By Ellen Rubin, IBCLC
When baby’s first teeth appear, it’s not unusual for parents to be uncertain about how to handle this new development. But at least you knew that this day was coming! Imagine what a surprise it must be for your baby to suddenly have something sharp emerge in his mouth. For the breastfeeding mother, the good news is that the first teeth usually erupt on the lower gum and are covered by baby’s tongue while breastfeeding. If anybody is at risk for getting bitten, it is the baby himself.
With the appearance of the first teeth comes a great opportunity for you to teach baby what teeth are for. Encourage him to practice using his new chompers on a teething toy or a large wooden spoon. For babies who have been introduced to solids, something firm and cold to gnaw on, such as a frozen bagel, can be perfect. Just watch out for any choking hazards by avoiding anything that baby could take a chunk out of and swallow. While some babies are not bothered by these new found teeth, others may find themselves irritated by increased saliva and tender gums. They may respond well to a cold teether or a gentle massage with a parent’s clean finger. Offering these chewing opportunities and comfort measures before putting baby to the breast helps ensure that baby will learn when and what to bite.
Even with plenty of practice, some slip ups can occur. Babies are most likely to nip a breast when they are not actively feeding. Frequently, this is experienced at the end of the feed, when baby is falling asleep, during distracted periods, or if baby is offered the breast at a time when he is not interested in feeding. In this case, forewarned is forearmed. If baby is at the breast and you sense his attention is elsewhere, be ready with a finger near the corner of his mouth. In order to bite down, he must first withdraw his tongue (or he’ll bite the bottom of it before biting you) and this is your cue to gently insert a finger between his gums. Being vigilant from the start encourages baby to be involved in the process as well and he will likely begin to unlatch on his own when he moves his tongue away from the breast.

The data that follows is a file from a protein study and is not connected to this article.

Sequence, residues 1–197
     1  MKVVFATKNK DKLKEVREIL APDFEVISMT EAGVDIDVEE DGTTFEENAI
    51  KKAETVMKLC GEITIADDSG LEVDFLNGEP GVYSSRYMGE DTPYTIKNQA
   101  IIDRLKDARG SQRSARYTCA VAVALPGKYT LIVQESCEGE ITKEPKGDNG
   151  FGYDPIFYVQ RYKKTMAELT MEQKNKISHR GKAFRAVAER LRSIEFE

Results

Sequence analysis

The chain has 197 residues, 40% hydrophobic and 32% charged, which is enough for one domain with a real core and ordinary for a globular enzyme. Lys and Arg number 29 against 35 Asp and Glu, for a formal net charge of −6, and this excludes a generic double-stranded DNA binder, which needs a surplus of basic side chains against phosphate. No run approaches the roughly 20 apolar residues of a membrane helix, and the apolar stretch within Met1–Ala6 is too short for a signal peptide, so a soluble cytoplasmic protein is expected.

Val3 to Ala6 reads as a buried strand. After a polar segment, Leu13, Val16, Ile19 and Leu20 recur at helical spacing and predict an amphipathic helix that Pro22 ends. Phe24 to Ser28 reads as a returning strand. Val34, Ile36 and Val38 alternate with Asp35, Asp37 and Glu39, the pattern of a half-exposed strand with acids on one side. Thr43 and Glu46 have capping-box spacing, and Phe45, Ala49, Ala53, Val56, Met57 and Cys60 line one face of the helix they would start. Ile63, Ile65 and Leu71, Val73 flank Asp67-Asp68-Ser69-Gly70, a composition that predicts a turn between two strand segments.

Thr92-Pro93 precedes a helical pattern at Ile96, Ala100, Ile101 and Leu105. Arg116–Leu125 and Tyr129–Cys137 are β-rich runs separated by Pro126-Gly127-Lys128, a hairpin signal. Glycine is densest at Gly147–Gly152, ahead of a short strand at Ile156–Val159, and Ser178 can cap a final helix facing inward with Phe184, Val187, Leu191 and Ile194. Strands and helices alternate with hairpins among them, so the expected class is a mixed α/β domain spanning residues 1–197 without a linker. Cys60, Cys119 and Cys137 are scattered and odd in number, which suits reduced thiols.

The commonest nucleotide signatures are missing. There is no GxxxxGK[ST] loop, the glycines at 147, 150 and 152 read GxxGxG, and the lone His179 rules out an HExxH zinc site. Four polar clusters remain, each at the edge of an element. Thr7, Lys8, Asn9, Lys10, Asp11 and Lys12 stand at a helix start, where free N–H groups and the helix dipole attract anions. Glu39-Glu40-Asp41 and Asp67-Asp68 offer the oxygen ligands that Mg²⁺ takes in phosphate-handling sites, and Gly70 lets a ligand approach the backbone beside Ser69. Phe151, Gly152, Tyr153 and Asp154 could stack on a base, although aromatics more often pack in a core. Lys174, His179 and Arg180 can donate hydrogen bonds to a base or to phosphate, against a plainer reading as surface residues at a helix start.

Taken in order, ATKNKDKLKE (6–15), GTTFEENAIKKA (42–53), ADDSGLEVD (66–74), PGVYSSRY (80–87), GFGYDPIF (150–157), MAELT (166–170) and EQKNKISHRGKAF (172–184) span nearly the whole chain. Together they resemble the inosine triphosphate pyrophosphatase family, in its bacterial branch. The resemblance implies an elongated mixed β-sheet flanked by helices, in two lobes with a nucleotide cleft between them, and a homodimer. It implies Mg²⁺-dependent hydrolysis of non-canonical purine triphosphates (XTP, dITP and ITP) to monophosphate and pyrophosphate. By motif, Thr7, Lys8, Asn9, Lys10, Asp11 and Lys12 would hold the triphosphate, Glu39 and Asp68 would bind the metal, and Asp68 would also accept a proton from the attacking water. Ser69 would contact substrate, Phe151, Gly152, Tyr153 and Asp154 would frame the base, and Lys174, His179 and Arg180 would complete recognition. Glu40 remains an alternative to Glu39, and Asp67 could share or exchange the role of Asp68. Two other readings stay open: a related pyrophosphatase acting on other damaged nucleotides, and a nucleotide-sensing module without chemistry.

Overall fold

Sometimes you will both be caught unaware and a bite can happen. If this occurs, there is no need to worry. Stay calm and gently take baby off the breast. No matter the age, share with baby that breasts are not for biting and offer something appropriate for exercising teeth such as a teething toy. Should baby desire to return to the breast, be mindful of avoiding future mishaps by having a finger handy to prevent a bite and unlatch baby quickly. Maintaining this pattern of taking baby off the breast without any fanfare will decrease the chance of clamping down in order to trigger a response in mom. Sometimes however, it is difficult to suppress a yelp and older babies may enjoy their newfound ability to cause mother to react. If this occurs repeatedly, ending that feeding entirely may be a firmer response that helps baby learn that this is not a game. Considering other triggers may be helpful in avoiding biting in the future. As babies get older, they may be prone to biting to get your attention or to signal that they feel they are slipping off the breast. Finding a more supportive position and using your nursing time to connect (put down the smartphone!) can greatly decrease the incidents of a bite.
If an injury does occur, wash your nipple with a gentle, non-drying soap and pat-dry twice a day. Sometimes massaging a bit of expressed breastmilk into the wound can speed healing. Keeping the area moist by applying lanolin or coconut oil with a clean finger can add an extra layer of comfort. To avoid pressure as it heals, try placing baby in a different position and make sure that your breast has plenty of support so that it does not drag down on his mouth. Watch out for signs of infection such as redness, discharge, or warmth to the touch and contact your physician if this should occur.
As both you and baby learn to manage breastfeeding with a mouthful of pearly whites, you may find it odd to notice teeth marks on your areola when baby is done feeding. This is nothing to worry about. Keep in mind that breastfeeding a baby with teeth is the biological norm for all mammals and likely part of the reason that the first set of teeth is often referred to as “milk teeth.” Knowing that this is an expected, albeit temporary stage in your breastfeeding relationship, can be reassuring and keep both of you smiling a toothy grin!